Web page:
So I wasn’t prepared, at my press screening, for the credits to come up and the film be greeted by a very hearty chorus of boos. Some applause, yes, but the booers were sufficiently lusty that I had the impression they’d been waiting for it, and that was odd, because even if one were not to particularly like this picture, there wasn’t anything overtly boo-able about it. Then it hit me: this is an Italian festival, full of Italian press, and this must be…an Italian director the Italian press can’t stand, for whatever reason. I consulted with a couple of British journalists outside the screening and they confirmed that, yes, the hometown dislike of Guadagnino was “historical.” I wasn’t able to get much more insight initially, but I remained fascinated. And this proved one of those instances when social media, often disdained as the Scourge Of Everything Good, intelligent discourse in particular, proved genuinely useful. I was having a Twitter conversation about the booing with The Wrap’s Alonso Duralde, and the film critic Tommaso Tocci, who tweets as @Cinelais , offered some illumination. As far as Guadagnino goes, yes, he says, “there is some disdain, which I find sad.” But there was a larger issue for Italian critics and viewers with the film, what Tommaso aptly calls “one of those little pockets of meaning that get lost in translation.” In this case, it was the casting of the well-known—in Italy—comedian and satirist Corrado Guzzanti in a small but key role, one that takes a very particular turn at the film’s ending. I did not see what the Italian audience saw…but I did see a point at which the film might have ended perfectly, and instead there were a few minutes spent with Guzzanti in a scene that struck me as awkward to say the least. But what was a troubling but perhaps minor flaw for me was, in Tommaso’s estimation, a deal-breaker for the native audience, a bit of pomo tomfoolery too far. “Jarring, too distracting,” he wrote. “With the extra-filmic stuff on top, it means the Italian press lost it completely.” And it’s something that will barely register, if at all, with non-Italian audiences.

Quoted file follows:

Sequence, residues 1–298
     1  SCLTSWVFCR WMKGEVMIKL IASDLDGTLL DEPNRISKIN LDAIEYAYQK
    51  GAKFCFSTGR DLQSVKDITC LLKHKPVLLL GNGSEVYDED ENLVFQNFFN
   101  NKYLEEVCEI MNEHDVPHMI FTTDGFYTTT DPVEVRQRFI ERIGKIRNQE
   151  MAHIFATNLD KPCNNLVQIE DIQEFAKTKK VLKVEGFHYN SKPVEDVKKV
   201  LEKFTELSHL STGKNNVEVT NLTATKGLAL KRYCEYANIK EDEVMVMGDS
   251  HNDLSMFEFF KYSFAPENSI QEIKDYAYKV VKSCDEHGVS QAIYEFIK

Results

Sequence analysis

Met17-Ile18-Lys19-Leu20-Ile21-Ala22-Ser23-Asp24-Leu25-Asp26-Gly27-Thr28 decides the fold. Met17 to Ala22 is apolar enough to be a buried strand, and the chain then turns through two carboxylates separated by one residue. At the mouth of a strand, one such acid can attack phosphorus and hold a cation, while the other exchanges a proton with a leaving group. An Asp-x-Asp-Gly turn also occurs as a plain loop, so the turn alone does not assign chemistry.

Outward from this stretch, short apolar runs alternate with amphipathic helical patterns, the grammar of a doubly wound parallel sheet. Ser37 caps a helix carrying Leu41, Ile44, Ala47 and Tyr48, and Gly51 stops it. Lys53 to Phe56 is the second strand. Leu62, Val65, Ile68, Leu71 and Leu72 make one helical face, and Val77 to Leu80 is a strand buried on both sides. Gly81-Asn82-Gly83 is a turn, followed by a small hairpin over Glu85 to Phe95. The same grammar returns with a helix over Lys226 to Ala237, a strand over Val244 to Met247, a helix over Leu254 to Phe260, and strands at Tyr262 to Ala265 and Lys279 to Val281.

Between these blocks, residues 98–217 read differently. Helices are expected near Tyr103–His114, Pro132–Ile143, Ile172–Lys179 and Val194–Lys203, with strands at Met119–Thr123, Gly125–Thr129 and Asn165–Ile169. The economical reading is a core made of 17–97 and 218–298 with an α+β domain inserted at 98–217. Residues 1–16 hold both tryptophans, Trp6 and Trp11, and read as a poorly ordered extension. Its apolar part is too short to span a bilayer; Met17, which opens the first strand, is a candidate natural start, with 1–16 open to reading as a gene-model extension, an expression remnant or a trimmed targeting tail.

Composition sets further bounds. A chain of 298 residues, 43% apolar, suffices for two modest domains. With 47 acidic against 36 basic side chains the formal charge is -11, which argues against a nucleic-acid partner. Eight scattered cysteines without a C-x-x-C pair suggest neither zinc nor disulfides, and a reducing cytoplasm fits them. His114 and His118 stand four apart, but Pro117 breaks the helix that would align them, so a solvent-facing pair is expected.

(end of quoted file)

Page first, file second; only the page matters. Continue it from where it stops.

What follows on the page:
More warmly received on Sunday evening was a restoration of a work by one of the most world famous of Italian masters. Federico Fellini’s 1973 “Amacord,” a colorful memory play that was part of what that guy in “Annie Hall” would call Fellini’s “indulgent” phase, is a film that seems wiser, funnier, more raucous and improper year after year. The restoration by the Cineteca di Bologna looked gorgeous on a properly huge screen in the Festival’s most capacious theater, the 1,400-seat Sala Darsena. Yes, the house was only one-third full, but it was a 10 p.m. screening. I felt blessed to be there.